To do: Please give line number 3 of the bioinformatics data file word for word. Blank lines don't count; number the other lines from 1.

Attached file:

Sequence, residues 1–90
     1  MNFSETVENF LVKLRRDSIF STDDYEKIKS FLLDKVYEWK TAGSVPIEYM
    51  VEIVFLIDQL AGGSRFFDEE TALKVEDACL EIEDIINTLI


    51  VEIVFLIDQL AGGSRFFDEE TALKVEDACL EIEDIINTLI